Mbole translates to “the people of downstream" which is appropriate considering this tribe originally inhabited a long strip beside the banks of the Congo River. They now currently reside in the equatorial forest on both sides of the Lomami River, located in the Tshopo Province. The Mbole is a patriarchal society controlled by the lilwa. Lilwa plays a part in almost all aspects of the tribe’s life. Each boy born in the village must undergo lilwa tribunal in order to continue living in society. The boys, and some privileged girls, are taken into the forest for two weeks to endure rituals that teach the lessons of life in lilwa, ancestral customs, and how to be a contributing member of society. Some of the lessons instilled in the initiates include respect for tradition, respect for elders, respect for one’s self and ones friends and family, do not kill without reason, and do not steal.
If a likomela, initiate in lilwa, breaks the rules or does something that is detrimental to the village or to lilwa they can be hanged for treason. Statues known as ofika are shown to initiates during the tribunal to enforce fear of breaking the rules lilwa society have set in place. Ofika are carved wooden statues that portray hanged men and women that have wronged the tribe. The statues do not share a likeness to the person hanged, but their spirit inhabits the wooden figure itself and their names are carved on the back. During tribunal the likomela is taught each ofika’s name, their crime, and the officials who sentenced them to be hanged.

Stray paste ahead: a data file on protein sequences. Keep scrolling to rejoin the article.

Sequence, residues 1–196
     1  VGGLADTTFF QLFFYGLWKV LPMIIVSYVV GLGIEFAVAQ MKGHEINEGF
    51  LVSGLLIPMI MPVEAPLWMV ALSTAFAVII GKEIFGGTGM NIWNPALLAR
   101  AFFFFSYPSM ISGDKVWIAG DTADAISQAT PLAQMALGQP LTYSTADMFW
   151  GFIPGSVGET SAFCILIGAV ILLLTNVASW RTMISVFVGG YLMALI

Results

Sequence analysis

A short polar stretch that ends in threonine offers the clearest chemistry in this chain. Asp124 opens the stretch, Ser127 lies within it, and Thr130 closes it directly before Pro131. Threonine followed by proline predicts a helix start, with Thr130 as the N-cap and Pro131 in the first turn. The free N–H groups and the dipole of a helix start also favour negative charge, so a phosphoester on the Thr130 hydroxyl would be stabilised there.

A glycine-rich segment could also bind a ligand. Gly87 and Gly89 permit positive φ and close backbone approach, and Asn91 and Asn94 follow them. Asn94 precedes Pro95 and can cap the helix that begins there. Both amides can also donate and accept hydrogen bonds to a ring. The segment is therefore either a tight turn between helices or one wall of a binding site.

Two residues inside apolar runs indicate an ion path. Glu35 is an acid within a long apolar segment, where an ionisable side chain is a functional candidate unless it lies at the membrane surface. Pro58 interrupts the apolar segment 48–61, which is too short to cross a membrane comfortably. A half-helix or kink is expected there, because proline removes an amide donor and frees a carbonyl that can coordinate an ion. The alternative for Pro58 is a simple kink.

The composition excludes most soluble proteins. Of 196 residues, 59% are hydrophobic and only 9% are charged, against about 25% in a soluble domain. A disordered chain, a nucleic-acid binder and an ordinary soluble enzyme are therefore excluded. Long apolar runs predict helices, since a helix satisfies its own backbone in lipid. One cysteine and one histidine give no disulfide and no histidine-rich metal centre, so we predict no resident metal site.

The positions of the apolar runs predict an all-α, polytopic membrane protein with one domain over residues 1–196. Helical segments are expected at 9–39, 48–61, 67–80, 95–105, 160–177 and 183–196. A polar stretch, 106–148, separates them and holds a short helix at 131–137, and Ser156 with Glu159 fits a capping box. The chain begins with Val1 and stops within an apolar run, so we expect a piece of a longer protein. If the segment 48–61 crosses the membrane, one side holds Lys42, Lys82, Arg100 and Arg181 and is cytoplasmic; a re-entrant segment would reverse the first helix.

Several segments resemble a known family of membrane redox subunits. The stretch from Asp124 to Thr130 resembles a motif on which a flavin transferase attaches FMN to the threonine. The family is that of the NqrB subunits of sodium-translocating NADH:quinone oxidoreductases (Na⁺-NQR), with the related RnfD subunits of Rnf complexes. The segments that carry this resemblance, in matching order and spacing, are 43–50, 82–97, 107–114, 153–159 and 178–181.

Ofika are also used to ward off bad spirits and are brought to the village for sacred ceremonies. They’re usually kept in the forest on the outskirts of the village. Only members of lilwa can lay eyes on the statues. Most women and boys that have not gone through tribunal must flee the village when the ofika are present. Only when the statues are placed in a hidden location can they return.
There are four ranks within lilwa. All male Mbole are considered likomela, which are new initiates and is considered the lowest rank within the system. Women initiated are considered lumongo and can only marry yeni, the highest ranking official in lilwa society. Only a select few, privileged women are initiated into lilwa. Once initiated they are guaranteed to live a comfortable lifestyle because yeni hold most of the power in the village. The second highest ranking official is kanga or ritual therapists. They assist in governing the tribe, serve as medicine men, and resolve personal settlements between the Mbole. The third class is reserved for men who serve special functions within the village. Tuli are blacksmiths, opinga are sculptors, ikonykoy are singers, and onanga are principle officiates. Lilwa governs and controls almost every aspect of Mbole life.
While researching the Mbole I could not help but reflect on how religion plays a large role in most societies. Can you see a correlation between your government and the religion most practiced in your country or local region? How does society's values affect the way you think and act in day to day life?